If you were not severely in awe of the amount of films at this years Sydney Film Festival than my hat goes off to you. I managed to squeeze in 8 all up, which was an abysmal 3% of the 250+ films on show over the week and a half of consistent screenings. But despite this each of my 8 films had a female director at the helm and mainly female characters in the centre of their stories. The films I chose also covered off a variety of genres including documentary, sci-Fi, drama, comedy, and I even managed to get an artsy psychological thriller in there.
Half the films I covered this year were a part of the European Film Promotion’s Voices of Women Program, which was also part of the festival last year. Having the opportunity to speak with the 4 directors of the films I covered was such brilliant and eye opening experience. Not only was it inspirational to speak through the vision and process, but also to explore how these European women are experiencing the gender inequality issues in their local industries. It was clear to me that the issue, though still present, wasn’t holding any of these women back from making challenging and interesting films exploring real issues. You can read more in my reviews HERE.
The festival itself did well in terms of its female director representation with 43% of the films directed or co-directed by a woman. The programmers and selection committee was made up of 27 females and 18 males and the festivals board was an even 50/50 gender split. It was clear in the cross section of volunteers present at screenings and even the diversity of audiences that the Sydney Film Festival has done much in the way of welcoming inclusivity, and I’m here for it.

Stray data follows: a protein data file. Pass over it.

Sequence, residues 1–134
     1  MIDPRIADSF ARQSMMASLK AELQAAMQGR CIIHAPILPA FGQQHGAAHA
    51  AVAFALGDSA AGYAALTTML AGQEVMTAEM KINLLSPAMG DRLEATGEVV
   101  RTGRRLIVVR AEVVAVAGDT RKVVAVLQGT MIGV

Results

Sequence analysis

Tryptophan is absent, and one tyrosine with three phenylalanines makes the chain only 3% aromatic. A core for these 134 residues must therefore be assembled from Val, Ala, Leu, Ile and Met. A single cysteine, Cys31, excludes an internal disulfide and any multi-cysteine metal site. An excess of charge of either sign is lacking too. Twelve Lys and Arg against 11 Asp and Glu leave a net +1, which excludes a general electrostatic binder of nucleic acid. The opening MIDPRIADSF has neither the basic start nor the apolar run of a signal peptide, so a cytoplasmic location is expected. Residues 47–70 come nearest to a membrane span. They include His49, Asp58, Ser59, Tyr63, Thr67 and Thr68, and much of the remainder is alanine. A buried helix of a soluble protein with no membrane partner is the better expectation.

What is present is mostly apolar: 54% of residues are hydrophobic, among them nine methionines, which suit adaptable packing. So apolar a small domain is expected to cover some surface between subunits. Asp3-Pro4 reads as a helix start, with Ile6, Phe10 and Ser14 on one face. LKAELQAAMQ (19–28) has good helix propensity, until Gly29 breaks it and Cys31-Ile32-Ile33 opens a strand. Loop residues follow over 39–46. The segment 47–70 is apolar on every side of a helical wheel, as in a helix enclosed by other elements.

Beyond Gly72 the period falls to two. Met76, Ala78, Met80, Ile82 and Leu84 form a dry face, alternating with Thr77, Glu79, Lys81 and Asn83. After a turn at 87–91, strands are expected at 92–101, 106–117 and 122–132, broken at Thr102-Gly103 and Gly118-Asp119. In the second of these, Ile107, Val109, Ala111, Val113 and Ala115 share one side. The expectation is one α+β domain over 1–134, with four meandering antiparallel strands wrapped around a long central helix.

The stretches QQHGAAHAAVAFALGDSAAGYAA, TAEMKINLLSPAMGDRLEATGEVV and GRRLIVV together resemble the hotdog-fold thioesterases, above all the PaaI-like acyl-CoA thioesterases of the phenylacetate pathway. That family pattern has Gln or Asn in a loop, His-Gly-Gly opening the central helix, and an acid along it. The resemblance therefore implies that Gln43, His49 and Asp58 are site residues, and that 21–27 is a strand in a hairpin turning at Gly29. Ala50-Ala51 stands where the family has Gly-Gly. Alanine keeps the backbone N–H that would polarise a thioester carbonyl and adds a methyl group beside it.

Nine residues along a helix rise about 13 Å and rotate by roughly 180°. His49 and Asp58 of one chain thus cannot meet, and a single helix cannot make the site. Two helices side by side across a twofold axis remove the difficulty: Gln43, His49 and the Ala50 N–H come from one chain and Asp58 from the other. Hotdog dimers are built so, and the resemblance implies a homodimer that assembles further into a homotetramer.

Amongst the scandals of the festival was Jennifer Kent’s much anticipated follow up from The Babadook, Australian period horror film The Nightgale. With two sessions of audience walk outs the film certainly caused a stir dividing viewers with its graphic depictions of violence and sexual abuse. The festival didn’t appear phased however as another session is scheduled in the Back By Popular Demand program on June 19th.
Out of the films I saw my favourites would have to be Booksmart directed by Olivia Wilde, The Deposit directed by Ásthildur Kjartansdóttir, and Hail Satan? Directed by Penny Lane. Each had their own unique flavour and manage to entertain me in three very different ways. I was also thoroughly challenged by the content and themes of Ladyworld, directed by Amanda Kramer, and Animals directed by Sophie Hyde had my boyfriend and I discussing our varied opinions on the story the entire bus ride home.
The Sydney Film Festival is truly a highlight of my year and often results in the highest density of cinema visits for me annually. It provides a platform for stories that normally wouldn’t get wide spread release, especially some of the female directed projects showcased this year. It broadens your mind and I want to keep the conversation going. So…did you go to the Sydney Film Festival? What were some of your favourite films from the 2019 line up? Leave a comment below.